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State v. Newell

Court of Appeals of Ohio, First District, Hamilton

June 7, 2017

STATE OF OHIO, Plaintiff-Appellant,
v.
PAMELA NEWELL, Defendant-Appellee.

         Hamilton County Municipal Court TRIAL NOS. C-15TRC-5524 A-D

          Joseph T. Deters, Hamilton County Prosecuting Attorney, and Philip R. Cummings, Assistant Prosecuting Attorney, for Plaintiff-Appellant,

          D. Joseph Auciello, Jr., for Defendant-Appellee.

          OPINION

          Deters, Judge.

         {¶1} Plaintiff-appellant state of Ohio appeals pursuant to R.C. 2945.67 and Crim.R. 12(K) the judgment of the Hamilton County Municipal Court granting defendant-appellee Pamela Newell's motion to suppress evidence in these four consolidated appeals. Because Newell failed to sustain her initial burden of proof to demonstrate that her stop and seizure were warrantless and that her statements were the result of custodial interrogation, the trial court erred as a matter of law in granting her motion to suppress.

         Factual and Procedural Posture

          {¶2} Newell was arrested on December 10, 2015, and charged in the cases numbered C-15TRC-55244 A-D with one count of operating a vehicle while intoxicated ("OVI") in violation of R.C. 4511.19(A)(1)(a), one count of refusal of a chemical test in violation of R.C. 4511.19(A)(2)(b), one count of driving under OVI suspension in violation of R.C. 4510.14, and one count of failing to yield the right of way when making a left-hand turn in violation of R.C. 451142.

         {¶3} On March 7, 2016, Newell filed a motion to suppress any statements she made to the police and any evidence the state may seek to introduce at trial from her warrantless search and seizure. The first hearing on the motion was continued, over Newell's objection, because the arresting officer was unavailable to testify. At the next hearing, on May 5, 2016, the arresting officer was again unavailable to testify, and the state requested a continuance.

         {¶4} The trial court denied the state's request for a continuance and stated that it was inclined to move forward with the motion to suppress. Defense counsel then moved to suppress the evidence in accordance with the motion that previously had been filed. The assistant prosecuting attorney objected, arguing that under Xenia v. Wallace, 37 Ohio St.3d 216, 524 N.E.2d 889 (1988), Newell had the burden of initially going forward with some evidence beyond the motion to suppress before the trial court could grant the motion.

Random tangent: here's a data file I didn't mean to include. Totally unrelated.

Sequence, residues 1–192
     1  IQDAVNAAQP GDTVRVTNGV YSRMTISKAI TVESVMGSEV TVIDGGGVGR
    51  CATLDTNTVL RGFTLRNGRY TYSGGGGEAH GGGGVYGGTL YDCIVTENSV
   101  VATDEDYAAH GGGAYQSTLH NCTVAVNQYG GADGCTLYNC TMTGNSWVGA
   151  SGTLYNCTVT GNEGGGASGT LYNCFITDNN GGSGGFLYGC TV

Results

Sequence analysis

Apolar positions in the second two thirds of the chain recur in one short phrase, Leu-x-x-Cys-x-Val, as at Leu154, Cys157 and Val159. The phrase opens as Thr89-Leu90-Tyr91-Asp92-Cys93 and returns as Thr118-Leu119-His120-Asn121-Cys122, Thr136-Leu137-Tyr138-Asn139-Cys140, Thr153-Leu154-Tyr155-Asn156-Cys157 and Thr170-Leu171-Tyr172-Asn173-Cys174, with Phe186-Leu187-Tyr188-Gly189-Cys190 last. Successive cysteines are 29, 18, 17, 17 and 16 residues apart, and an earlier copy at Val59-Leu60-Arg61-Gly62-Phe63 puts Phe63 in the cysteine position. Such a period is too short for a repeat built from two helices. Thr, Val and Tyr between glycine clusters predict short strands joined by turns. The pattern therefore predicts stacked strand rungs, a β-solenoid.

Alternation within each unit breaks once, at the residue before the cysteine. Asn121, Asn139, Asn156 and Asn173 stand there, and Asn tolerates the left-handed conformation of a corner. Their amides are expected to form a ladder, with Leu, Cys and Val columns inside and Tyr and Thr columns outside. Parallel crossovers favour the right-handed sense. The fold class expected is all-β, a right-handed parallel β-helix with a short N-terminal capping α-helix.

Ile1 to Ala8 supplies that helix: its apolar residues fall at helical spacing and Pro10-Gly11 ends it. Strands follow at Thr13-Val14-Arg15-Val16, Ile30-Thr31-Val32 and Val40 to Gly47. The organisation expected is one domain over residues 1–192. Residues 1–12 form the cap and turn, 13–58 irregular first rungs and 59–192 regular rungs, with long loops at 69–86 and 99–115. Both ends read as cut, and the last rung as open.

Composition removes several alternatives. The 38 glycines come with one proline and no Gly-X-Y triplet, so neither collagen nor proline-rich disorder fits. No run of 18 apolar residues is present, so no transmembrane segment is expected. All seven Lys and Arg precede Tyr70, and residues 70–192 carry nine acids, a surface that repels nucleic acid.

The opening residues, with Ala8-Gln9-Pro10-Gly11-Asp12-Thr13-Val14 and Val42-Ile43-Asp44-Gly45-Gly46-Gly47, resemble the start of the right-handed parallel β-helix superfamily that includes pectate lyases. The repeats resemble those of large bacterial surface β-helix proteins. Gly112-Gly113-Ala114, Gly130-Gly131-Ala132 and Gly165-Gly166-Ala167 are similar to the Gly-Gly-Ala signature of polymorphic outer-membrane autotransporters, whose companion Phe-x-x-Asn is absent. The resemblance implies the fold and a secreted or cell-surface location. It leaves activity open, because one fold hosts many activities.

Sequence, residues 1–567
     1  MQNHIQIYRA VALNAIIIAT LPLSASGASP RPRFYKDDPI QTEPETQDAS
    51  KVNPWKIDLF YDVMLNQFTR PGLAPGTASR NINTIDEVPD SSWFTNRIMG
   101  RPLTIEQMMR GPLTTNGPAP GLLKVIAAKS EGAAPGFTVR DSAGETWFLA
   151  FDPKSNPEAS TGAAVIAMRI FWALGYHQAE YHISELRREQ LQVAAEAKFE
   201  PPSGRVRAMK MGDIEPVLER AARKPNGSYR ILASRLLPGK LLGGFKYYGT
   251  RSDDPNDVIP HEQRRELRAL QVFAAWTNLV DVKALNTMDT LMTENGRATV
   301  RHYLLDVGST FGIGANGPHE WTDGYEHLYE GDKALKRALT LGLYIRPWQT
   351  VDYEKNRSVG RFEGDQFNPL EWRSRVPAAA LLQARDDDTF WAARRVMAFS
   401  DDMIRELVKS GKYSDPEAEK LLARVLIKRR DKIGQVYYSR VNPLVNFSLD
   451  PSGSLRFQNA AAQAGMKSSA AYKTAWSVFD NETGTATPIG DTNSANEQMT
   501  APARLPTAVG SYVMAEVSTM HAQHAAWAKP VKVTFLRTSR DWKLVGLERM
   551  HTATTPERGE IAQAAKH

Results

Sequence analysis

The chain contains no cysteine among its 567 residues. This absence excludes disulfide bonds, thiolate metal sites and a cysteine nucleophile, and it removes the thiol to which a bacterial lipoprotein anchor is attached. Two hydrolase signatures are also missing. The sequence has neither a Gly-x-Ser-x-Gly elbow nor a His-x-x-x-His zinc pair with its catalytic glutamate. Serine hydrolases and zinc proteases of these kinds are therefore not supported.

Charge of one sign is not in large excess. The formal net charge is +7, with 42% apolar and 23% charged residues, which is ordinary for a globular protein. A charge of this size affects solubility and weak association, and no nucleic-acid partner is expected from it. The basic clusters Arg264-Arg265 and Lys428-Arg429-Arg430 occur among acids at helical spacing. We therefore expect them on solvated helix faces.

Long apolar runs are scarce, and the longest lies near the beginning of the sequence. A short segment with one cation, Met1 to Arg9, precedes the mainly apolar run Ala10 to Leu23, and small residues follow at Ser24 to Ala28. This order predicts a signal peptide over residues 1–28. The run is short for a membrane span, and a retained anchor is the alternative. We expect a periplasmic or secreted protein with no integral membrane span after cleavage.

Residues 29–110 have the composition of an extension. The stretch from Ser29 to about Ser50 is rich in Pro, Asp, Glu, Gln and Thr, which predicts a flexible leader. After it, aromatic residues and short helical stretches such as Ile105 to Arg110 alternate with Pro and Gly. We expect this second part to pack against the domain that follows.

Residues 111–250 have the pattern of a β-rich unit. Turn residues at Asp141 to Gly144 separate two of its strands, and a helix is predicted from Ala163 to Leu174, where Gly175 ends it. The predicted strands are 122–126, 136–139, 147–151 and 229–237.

{¶5} Defense counsel responded, "I'm not sure how the burden would shift to me. What evidence, I guess, would I put on to show that I would ask to be dismissed? There's not a police officer here to ask any questions of. So there's not a witness. My client has a Fifth Amendment right. She can exercise that right. So I think the remedy is to set the matter for a trial setting."

         {¶6} Following a brief recess, the trial court stated,

I did find what I was looking for by way of an answer. So I'll do this the best way I recall. The defendant previously - the defense has already filed a motion alleging that the state did not properly follow procedures in the arrest and charging of the defendant. By that motion, and the particularity of that motion, it hasn't been challenged. That then puts the burden on the state to show in fact they did follow the proper procedures in doing that. At the very least produce a witness who can justify or who can refute the propriety of those allegations. That witness is not here. Has not been here. There's no evidence for the defense to call. [sic] So that reverts back to the motion and raising of those issues. With the failure of that burden, the court has no option but to grant the motion to suppress.

         {¶7} The trial court journalized an entry granting Newell's motion to suppress evidence in all four cases. The state now appeals, arguing that the trial court erred in granting Newell's motion to suppress because she failed to sustain her burden of production on the motion.

          {¶8} Before addressing the merits of the state's argument, we note that the record transmitted with these consolidated appeals did not contain Newell's motion to suppress. Following oral argument, the parties filed a stipulation pursuant to App.R. 9(E), supplementing the record in the consolidated appeals with a copy of ...


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